The first bang woke me up at abut 9 pm last night. The second bang followed shortly, and about an hour later I was lying in bed, fists clenched cursing at all the idiots in our area letting off fireworks over and over again.
Firstly, the sound of a firework is about as appealing as a car backfiring or a shotgun going off. Nobody wants to hear the sound of your jumping jacks late at night and I can almost guarantee nobody wants to wake up in a flat panic to the sound of gunfire outside their bedroom window. In South Africa. One of the most crime riddled countries in the world.
If I , as a human being, despise the sound so much, imagine how all the animals (domesticated and non) must feel. The sound of a firecracker to a dog is 10 times louder than it is to a human. If we jump up in fright at the sound I can only imagine the terror it must cause in a pet.
My pets are spoilt. They sleep upstairs in their bed, under the covers and have us to love and comfort them in times of distress. Picture the other 99% of animals who don’t have that sort of protection – stray cats, dogs in shelters, pets who sleep outside, pets whose owners choose to let off fireworks in their own homes and wildlife – from birds, to bats to dassies.
Yes, according to SA law there are 11 days of the year when fireworks are legal, this includes Guy-Fawkes and Diwali. Did you know, however, that even though these days are legalised there are still rules to obey if you are planning on using fireworks?:
“Unless special Council authorisation has been applied for and granted, there are only 11 days annually when residents are allowed to “light or ignite” fireworks. Guy Fawkes and Divali are such days. (R 500 fine on other days).
Except for New Year’s Eve, the only permissible time period for igniting fireworks on these days is between 19h00 and 22h00 (7 to 10 pm). (R 500 fine at any other time).
No person may light or ignite fireworks in any place where animals are present (R 1 000 fine). This includes domestic homes.“
– Extract from www.environment.co.za
I’m willing to bet that none of the scum in my complex and surrounding houses bothered to obtain permission or follow these rules.
Sies on every single person who actively ignored all living creatures and instead chose to let off fireworks for their own pleasure.
With Guy Fawkes coming up tomorrow, there’s bound to be more nose and fireworks, so if you are the owner of a pet, who is displaying signs of being in distress:
- Eyes wide
- Frantic movement
- Barking excessively
- Hiding in places they don’t normally go
- Trembling, shaking
- Cannot relax
Then here are some tips for keeping them stress free and calm throughout:
Arrange to have your dog in a place where there won’t be loud fireworks displays — a friend’s or relative’s home or a doggie day care with which your dog is familiar. If it’s an unfamiliar place for your dog, take him over there a few times in the days before the holiday so that it won’t be a surprise when you take him there on the Fourth.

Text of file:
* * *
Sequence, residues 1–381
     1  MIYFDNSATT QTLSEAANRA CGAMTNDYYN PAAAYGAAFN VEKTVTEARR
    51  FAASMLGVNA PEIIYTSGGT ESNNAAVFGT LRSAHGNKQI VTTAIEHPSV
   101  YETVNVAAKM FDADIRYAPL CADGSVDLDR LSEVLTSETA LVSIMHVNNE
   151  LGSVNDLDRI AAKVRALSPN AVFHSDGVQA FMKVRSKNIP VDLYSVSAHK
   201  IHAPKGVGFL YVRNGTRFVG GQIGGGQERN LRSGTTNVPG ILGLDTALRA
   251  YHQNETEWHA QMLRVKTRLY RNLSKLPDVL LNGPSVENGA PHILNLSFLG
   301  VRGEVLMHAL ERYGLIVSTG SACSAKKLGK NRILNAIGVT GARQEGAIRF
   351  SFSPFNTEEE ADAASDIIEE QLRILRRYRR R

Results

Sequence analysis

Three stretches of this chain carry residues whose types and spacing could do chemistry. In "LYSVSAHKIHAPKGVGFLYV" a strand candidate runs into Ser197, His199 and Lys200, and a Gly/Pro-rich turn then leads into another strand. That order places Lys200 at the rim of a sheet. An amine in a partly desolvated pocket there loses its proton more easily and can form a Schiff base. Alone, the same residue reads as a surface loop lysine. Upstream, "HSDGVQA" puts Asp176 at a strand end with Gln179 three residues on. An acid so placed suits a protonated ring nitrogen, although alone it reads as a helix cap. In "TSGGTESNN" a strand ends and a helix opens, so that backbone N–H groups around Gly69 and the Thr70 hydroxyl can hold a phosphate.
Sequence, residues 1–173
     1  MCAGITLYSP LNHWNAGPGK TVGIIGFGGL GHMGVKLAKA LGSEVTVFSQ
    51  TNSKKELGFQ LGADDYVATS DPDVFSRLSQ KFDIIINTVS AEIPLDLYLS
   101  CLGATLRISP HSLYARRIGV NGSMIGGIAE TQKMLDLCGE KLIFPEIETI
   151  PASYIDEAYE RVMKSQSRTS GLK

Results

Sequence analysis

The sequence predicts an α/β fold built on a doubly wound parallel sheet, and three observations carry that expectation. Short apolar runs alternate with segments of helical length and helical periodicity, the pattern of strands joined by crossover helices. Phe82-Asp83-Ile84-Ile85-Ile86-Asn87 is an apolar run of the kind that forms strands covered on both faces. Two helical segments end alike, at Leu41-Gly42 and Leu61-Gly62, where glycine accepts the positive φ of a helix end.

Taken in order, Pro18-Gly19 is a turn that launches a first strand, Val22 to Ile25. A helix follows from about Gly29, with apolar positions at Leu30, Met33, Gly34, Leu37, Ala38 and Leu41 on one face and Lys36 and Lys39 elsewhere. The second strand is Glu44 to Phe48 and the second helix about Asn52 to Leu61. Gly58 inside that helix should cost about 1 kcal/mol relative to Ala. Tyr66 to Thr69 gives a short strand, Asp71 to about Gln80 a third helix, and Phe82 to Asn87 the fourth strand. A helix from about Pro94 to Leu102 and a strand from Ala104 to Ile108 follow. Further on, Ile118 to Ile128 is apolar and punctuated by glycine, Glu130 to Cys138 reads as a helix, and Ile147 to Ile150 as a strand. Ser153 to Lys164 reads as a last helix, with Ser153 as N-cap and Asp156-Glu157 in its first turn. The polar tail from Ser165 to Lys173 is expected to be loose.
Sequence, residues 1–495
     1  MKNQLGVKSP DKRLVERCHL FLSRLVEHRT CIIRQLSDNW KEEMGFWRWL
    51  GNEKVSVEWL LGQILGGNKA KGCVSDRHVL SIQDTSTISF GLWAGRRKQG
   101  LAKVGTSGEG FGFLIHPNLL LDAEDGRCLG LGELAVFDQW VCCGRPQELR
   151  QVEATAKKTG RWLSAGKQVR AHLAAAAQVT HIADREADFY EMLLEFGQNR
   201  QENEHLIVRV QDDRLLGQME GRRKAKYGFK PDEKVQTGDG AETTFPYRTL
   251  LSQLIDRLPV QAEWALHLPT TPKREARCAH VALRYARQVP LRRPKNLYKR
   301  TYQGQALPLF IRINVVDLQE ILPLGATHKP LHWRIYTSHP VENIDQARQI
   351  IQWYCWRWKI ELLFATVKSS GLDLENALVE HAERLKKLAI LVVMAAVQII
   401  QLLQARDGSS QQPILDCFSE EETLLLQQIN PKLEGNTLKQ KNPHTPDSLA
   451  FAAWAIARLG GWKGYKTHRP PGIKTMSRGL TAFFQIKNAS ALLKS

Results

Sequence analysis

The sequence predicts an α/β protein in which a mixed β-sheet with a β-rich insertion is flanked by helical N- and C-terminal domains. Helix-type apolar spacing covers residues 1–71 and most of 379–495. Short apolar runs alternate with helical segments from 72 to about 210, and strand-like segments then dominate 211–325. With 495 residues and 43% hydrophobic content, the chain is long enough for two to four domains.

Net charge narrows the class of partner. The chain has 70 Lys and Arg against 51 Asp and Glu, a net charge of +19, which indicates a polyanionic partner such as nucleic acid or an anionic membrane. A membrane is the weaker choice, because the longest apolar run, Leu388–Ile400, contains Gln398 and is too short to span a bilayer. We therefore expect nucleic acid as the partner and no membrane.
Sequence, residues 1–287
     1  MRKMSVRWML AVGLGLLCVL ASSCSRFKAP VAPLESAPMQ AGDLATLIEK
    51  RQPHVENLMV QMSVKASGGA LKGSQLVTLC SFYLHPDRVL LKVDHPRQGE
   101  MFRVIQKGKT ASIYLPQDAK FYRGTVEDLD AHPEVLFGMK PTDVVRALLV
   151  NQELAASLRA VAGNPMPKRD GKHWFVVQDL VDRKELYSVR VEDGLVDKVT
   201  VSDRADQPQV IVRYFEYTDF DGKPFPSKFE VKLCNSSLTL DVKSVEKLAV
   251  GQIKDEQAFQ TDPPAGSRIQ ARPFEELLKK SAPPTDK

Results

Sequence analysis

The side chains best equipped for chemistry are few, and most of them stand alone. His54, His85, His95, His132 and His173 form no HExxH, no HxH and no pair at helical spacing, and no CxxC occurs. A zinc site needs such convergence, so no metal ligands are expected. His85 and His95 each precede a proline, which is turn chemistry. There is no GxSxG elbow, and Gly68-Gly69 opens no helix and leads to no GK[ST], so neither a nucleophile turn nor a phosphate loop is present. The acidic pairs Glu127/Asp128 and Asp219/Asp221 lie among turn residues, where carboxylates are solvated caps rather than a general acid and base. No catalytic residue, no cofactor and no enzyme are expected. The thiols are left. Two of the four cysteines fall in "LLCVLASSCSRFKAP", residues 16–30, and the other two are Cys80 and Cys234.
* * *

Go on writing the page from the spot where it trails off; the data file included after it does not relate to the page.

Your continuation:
If you cannot take your dog to a place away from fireworks, then have a travel kennel at home for her to feel safe in. if you’re not going to be home, have a friend or sitter there to keep your dog company and take her out to relieve herself every four hours.
The best way to prepare your dog for fireworks is to make sure he’s comfortable with the sound in advance. While this is a simple process, it can take time — possibly three or four months of playing the recorded sound of fireworks for your dog at an increasingly louder volume before he eats, before a walk, before affection and play, and condition him by association to hear the sound and interpret it as something good. While you can try this method over only a week or two, in such a short time span it should only be used in conjunction with one or more of the other tips. In any case, play the firework sounds.
If you do find it necessary to use medication to calm your dog during the fireworks, remember that you must introduce any such tool at the right time, conditioning your dog to understand that the medication is there to bring them to a calm state. This means that you must bring your dog to that calm state first, then introduce the tool — before the fireworks and the anxiety begin. If she is already at an anxiety level of 8 or 9, then her mental state will overrule the medication.The challenge is knowing how and when to connect the two.
If you are going to be with your dog during the fireworks, sending the calming message that they are nothing to worry about will also help him to relax. Remember, though, while humans communicate with words, dogs communicate with energy, and will look to their pack leader for clues on how they should behave. If you’re not making a big deal or showing excitement about the fireworks, then he will learn to be less concerned as well.
In all cases above, expend your dog’s excess energy first, before the fireworks start, by taking her on a very long walk to tire her out and put her in a calm state. Most importantly, don’t think of this in terms of your dog as your child who is missing out on a great, fun time. That’s human guilt. Your dog won’t know what she’s missing. You’re being a good pack leader by not exposing her to a situation that will trigger her flight instinct in a negative way. When the booms and bangs of Independence Day are over, your dog will be grateful for you having made it a less stressful experience.
Extract from Cesars Way
It’s also a good idea to encourage your complex or neighborhood to alert the residents if and when there are going to be fireworks and to prep your home and pets before.